The operation is coordinated from the German CAOC (Combined Air Operation Centre) in Ueden. This is where the orders for the assets stationed in the Baltic region come from.

Notably, an intra-detachment rotation scheme has been adopted by the Danes for their air-policing involvement this year, which makes it possible to have more crews deployed abroad. Furthermore, the intensity of the operation is going up. Last year around 130 Russian aircraft were intercepted in the area, whereas respectively 110 scrambles took place in 2016.  Previously, 160 operations were conducted in 2015 and 140 intercepts in 2014.

The Danes scrambled their jets for the first time this year back on Jan 25. In the morning that day the NATO radars in the area picked up a radar track which did not comply with the standard legal regulations imposed by ICAO and without any transponder signal. The suspicious aircraft was flying from mainland Russia to Kaliningrad, and it turned out it was a Russian fighter. To ensure safety in the airspace, the NATO jets are then tasked with escorting the unidentified plane until it reaches the destination or complies with the rules. This is required by the ATC services to perform their work safely and, for instance, to avoid the mid-air collisions that could be caused by the fact that aircraft with their transponders turned off do not appear on the civilian radar screens.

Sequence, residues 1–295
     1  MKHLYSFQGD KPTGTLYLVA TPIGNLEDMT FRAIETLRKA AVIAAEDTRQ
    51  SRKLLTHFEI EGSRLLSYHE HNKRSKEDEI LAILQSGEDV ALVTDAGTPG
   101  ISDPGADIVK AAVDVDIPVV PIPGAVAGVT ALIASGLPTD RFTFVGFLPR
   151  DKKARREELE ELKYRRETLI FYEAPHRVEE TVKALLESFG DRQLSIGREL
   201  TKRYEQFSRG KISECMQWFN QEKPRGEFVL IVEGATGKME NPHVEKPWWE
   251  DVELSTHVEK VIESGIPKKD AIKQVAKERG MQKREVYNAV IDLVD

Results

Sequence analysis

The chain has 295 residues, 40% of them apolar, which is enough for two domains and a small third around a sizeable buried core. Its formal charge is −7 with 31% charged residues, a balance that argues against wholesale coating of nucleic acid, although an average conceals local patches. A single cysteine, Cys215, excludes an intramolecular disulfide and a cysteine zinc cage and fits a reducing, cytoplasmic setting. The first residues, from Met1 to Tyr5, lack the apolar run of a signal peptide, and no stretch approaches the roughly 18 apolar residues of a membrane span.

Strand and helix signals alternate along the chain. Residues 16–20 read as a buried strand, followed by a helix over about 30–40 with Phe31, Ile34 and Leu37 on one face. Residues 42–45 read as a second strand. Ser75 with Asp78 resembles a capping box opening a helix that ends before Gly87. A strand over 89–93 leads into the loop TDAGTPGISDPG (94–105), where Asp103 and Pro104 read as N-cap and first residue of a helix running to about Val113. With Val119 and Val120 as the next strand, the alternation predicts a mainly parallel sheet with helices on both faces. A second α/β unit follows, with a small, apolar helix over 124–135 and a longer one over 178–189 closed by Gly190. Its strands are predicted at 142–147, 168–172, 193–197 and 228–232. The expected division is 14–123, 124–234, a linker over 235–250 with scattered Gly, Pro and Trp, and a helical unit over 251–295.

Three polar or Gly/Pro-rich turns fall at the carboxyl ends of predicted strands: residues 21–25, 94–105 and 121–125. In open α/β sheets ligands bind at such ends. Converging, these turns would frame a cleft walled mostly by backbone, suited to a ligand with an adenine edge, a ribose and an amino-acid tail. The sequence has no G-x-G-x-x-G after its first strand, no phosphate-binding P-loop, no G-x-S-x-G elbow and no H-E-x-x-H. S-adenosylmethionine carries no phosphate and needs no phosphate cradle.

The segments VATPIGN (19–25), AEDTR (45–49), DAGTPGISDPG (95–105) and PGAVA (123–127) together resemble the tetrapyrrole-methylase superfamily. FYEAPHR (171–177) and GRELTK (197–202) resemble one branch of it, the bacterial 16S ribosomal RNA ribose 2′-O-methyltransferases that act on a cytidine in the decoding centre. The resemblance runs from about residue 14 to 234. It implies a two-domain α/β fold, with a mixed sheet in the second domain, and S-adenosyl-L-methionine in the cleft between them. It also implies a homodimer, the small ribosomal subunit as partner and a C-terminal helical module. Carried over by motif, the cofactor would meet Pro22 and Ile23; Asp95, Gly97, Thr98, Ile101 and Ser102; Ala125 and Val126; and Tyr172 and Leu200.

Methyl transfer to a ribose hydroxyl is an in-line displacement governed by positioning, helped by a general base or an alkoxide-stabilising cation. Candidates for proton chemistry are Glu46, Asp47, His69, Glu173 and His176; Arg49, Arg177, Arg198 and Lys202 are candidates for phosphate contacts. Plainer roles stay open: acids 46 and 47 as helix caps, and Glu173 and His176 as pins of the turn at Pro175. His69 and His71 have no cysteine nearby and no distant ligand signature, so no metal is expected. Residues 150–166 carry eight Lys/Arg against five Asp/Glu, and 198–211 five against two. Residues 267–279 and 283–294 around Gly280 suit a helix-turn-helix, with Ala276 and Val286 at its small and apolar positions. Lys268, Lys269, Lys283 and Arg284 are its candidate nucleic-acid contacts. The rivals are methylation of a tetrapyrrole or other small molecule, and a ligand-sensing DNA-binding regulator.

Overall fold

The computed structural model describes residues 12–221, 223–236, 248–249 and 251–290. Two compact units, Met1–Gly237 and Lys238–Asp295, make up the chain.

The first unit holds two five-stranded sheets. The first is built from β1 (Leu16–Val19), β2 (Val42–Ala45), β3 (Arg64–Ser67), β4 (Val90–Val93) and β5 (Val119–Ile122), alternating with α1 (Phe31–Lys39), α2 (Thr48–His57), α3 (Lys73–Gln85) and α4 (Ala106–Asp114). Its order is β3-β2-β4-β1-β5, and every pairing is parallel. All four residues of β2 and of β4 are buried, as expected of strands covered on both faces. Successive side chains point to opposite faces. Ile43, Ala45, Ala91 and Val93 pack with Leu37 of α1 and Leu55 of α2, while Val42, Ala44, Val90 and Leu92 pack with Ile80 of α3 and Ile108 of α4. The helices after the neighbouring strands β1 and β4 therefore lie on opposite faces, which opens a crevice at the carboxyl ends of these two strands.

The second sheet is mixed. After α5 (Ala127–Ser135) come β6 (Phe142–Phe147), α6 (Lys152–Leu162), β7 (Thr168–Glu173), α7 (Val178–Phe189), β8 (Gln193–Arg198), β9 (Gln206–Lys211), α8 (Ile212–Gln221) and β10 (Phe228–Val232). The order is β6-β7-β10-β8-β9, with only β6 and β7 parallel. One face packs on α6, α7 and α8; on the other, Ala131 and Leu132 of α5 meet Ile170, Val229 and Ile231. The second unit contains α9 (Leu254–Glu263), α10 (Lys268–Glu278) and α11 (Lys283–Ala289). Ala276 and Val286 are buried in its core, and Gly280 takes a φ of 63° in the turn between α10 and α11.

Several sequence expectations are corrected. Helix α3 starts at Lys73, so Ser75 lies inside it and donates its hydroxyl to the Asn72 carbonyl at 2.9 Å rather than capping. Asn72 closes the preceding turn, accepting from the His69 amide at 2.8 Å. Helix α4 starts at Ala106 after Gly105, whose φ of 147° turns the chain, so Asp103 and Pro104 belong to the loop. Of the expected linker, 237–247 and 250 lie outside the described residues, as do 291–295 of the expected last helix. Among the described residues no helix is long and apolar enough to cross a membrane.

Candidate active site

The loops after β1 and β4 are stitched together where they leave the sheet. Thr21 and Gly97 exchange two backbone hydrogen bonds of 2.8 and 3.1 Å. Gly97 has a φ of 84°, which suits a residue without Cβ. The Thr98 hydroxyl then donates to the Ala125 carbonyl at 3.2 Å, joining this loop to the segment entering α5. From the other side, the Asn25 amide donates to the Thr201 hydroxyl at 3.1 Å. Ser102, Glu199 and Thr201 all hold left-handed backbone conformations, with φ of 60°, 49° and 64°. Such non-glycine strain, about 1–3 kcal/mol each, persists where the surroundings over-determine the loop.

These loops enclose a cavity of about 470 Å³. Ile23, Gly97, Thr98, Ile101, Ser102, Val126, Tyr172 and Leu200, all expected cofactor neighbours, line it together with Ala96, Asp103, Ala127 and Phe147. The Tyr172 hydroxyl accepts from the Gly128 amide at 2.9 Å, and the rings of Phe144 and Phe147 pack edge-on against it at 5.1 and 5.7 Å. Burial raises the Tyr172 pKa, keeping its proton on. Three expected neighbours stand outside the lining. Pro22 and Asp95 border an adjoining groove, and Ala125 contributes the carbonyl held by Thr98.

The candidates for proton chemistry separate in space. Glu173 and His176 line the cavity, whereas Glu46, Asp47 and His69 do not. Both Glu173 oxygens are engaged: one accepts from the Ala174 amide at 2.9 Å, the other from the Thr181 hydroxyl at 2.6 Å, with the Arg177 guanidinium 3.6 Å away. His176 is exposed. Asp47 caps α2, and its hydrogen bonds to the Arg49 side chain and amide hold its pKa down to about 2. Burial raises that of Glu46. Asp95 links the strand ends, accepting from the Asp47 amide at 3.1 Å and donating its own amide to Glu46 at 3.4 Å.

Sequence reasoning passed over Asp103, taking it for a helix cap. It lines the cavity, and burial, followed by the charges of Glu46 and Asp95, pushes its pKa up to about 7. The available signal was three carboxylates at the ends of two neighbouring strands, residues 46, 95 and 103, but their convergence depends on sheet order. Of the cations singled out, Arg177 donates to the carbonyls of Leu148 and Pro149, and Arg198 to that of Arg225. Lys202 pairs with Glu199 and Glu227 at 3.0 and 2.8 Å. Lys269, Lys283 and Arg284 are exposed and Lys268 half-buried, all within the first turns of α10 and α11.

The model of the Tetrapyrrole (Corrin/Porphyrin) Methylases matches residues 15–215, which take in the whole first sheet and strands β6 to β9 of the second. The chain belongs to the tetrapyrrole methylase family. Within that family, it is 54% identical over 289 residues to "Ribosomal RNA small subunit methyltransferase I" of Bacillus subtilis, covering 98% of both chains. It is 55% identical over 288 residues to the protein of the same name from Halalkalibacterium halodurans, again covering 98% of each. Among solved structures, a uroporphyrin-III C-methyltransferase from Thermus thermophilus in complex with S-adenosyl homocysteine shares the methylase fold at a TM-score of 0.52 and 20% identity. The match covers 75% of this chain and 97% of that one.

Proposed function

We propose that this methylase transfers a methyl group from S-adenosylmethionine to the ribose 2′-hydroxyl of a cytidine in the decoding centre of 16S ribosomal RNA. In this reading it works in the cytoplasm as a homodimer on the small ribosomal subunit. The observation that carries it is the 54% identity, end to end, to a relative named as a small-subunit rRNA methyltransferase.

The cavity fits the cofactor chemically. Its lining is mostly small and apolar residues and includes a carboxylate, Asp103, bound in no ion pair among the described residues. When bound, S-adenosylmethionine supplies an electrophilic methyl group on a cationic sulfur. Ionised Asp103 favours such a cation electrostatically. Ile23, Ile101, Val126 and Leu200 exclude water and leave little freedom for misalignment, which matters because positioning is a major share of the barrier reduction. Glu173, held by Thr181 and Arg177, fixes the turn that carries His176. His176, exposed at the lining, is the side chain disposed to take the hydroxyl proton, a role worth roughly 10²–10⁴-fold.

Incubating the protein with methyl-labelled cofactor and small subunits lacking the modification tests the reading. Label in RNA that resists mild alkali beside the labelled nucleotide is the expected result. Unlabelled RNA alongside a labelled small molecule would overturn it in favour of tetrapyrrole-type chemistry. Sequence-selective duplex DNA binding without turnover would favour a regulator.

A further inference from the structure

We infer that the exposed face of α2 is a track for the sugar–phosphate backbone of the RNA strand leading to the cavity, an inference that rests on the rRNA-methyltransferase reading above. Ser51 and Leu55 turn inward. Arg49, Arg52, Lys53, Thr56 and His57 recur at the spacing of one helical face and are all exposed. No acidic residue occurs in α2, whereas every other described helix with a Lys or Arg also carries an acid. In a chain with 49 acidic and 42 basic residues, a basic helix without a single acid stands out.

The activities in March required the jets to go up into the air several times a week. The general trend suggests that NATO is going to enhance the air policing operation in the region again soon. It has already been announced that the Spanish and Portuguese would deploy their assets to Siaullai as of beginning of the next month, which sees involvement on the part of two nations at a single base, complementing the units stationed in Amari.

Danish Vipers